The Black family took a trip to Disneyland in August and their son Jason Black Jr. met his favorite character The Rabbit from Alice in Wonderland.
“I went to hug him but he turned his back,” the 6-year-old said. “It’s made me feel sad because I wanted to really hug him.”
“The Rabbit was turning his back on him like he didn’t want to touch him,” said his older brother Elijah Black. “Then I went up and tried to hold his hand but he kept flicking my hand off.”
The family filed a lawsuit against the Anaheim theme park, claiming the person playing the character of The Rabbit discriminated against their children because they are black.
“I asked the rabbit, I said ‘he wants to hug you,’” said the boy’s mother, Annelia Black. “He’s like twirling his fingers, like hurry up take the picture.”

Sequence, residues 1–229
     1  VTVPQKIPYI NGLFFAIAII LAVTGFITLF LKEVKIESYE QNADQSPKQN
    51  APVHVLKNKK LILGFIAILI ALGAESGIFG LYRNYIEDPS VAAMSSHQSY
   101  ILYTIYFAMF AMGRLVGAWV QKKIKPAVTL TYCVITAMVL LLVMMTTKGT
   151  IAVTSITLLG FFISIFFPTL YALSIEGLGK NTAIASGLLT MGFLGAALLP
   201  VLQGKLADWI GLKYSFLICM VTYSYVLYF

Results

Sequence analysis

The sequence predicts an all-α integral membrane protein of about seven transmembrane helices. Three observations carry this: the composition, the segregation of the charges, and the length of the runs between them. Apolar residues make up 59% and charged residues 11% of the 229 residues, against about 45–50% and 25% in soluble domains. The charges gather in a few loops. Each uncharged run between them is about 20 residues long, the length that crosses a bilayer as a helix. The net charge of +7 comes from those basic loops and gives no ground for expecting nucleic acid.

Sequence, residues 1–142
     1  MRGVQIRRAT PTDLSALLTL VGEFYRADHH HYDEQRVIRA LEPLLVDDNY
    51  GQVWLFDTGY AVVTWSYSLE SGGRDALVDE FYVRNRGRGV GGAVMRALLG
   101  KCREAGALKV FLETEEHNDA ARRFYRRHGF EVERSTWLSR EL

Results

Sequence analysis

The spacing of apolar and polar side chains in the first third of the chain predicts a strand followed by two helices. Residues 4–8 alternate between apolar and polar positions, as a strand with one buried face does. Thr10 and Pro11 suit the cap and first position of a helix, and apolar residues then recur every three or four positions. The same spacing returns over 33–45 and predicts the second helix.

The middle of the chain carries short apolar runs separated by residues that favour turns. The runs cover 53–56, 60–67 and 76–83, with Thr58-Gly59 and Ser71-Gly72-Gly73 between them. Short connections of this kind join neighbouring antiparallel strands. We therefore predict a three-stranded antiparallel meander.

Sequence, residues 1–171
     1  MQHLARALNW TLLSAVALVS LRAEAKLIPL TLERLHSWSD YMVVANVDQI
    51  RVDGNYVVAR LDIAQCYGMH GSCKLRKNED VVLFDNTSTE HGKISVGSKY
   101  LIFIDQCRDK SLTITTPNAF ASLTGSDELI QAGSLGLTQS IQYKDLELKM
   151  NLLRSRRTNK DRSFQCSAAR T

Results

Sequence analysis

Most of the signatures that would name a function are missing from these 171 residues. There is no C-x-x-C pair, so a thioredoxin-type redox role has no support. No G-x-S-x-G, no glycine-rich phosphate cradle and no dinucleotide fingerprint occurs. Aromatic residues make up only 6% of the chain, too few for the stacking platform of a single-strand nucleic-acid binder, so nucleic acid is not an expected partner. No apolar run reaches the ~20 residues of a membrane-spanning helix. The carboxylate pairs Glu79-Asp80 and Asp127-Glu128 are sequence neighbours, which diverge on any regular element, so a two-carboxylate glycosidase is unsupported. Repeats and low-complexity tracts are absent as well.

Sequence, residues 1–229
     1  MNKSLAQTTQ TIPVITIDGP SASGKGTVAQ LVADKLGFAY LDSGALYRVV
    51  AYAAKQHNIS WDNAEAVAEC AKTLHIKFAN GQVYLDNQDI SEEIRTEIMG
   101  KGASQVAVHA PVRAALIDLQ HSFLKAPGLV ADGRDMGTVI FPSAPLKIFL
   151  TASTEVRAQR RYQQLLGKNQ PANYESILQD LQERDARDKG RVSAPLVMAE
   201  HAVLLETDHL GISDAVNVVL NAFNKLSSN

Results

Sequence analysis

Their father said it was obvious The Rabbit was avoiding them.
“When the rabbit shied away from the kids, our first instinct was, maybe they have new policy. Maybe they aren’t supposed to touch the kids anymore. So we stood by and watched,” said Jason LeRoy Black Sr.
Two white kids approached The Rabbit moments later.
“[The] Rabbit showered, hugged, kissed and posed with them and took pictures. That made my kids feel horrible, it made us as adults feel horrible,” said Jason LeRoy Black Sr.
The family said they immediately went to the management office to complain, showing them photos that they say indicate the rabbit was trying to avoid touching them.
They filed an official complaint and were offered VIP passes, which they declined.
Instead they’re asking Disney to make a public apology and terminate the employee in The Rabbit suit.
“They’re not trying to get something they don’t deserve,” said their attorney Dan Gilleon. “In fact all they’ve asked for is a little bit of recognition that this should not have happened.”
After months of correspondence with Disney asking them to sign a confidential waiver in exchange for $500, the Blacks have hired an attorney and are demanding surveillance video to prove or disprove their claims.